Are the First Lady’s Fashion Choices Fueling Fund-raising?

WASHINGTON, DC - SEPTEMBER 14: (AFP-OUT) U.S. President Barack Obama (L) and First Lady Michelle Obama wave during the Congressional Hispanic Caucus Institute's 34th Annual Awards Gala at the Washington Convention Center on September 14, 2011 in Washington, DC. Obama spoke about the $447 billion package of tax cuts as well as public spending and new jobs plan. (Photo by Olivier Douliery-Pool/Getty Images)
Photo: Pool/2011 Getty Images

If you’re a fan of high-profile election fluff, this is your time. In the past week, we learned Romney and Obama both like chicken and Star Trek, and Romney’s neighbors long for the freedom to smoke illegal substances in public places. The latest revelation:  Michelle Obama likes wearing clothing made by American fashion designers, and members of one of the most wealthy and liberal industries on the planet enjoy donating to her husband’s campaign.

A lengthy new Washington Post article focuses on fashion’s newfound political clout. The First Lady already has to deal with Marie Antoinette comparisons from the right, and the piece is no help. It lists in detail the many designers whose clothing she’s worn in public, including the likes of Michael Kors, Tory Burch, and Diane von Furstenberg, and notes:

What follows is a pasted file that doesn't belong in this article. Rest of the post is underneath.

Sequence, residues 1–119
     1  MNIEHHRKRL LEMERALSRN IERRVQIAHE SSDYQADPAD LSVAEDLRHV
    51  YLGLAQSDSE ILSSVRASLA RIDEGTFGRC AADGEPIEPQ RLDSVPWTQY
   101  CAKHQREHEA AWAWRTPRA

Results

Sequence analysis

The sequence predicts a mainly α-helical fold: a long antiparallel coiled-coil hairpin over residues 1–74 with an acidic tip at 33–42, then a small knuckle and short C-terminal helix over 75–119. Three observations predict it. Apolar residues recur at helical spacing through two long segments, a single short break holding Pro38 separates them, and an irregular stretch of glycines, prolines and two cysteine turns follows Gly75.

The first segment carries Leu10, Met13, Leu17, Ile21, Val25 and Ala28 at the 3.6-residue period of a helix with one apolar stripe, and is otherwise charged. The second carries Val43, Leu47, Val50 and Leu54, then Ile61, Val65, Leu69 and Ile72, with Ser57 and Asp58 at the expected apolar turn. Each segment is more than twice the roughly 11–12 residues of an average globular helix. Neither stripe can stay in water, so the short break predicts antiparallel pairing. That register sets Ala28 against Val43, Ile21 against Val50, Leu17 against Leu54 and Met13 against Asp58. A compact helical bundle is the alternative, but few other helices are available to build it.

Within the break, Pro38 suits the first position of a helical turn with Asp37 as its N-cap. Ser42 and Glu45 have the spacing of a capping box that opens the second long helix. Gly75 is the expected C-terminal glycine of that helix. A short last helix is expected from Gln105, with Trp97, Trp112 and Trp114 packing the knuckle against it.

This year, the designers behind many of the labels hanging in the first lady’s closet are supporting her husband’s reelection campaign, hosting high-dollar fundraisers and making campaign contributions.

Yet, many haven’t donated to President Obama’s reelection campaign, and it seems there’s no pattern to their giving or lack thereof.

Some designers have become first-time donors this year after having their designs worn by the first lady. But other big givers are not staples of the Obama closet, and some who have gotten a big boost from the first lady haven’t given at all.

According to the Post’s in-depth analysis, Mobama’s fashion picks are neither here nor there. Perhaps there’s actually something bigger driving the fashion industry’s political action: They like Barack Obama’s policies. Steven Kolb, chief executive of Council of Fashion Designers of America, explains:

When people are looking at who he is and lining up to support him or not, it has to do with their own personal beliefs … Social issues they think are important, such as same-sex marriage, his policies and positions on Afghanistan or what he’s done in terms of economic recovery.

Is FLOTUS’ Fashion Fueling Fund-raising?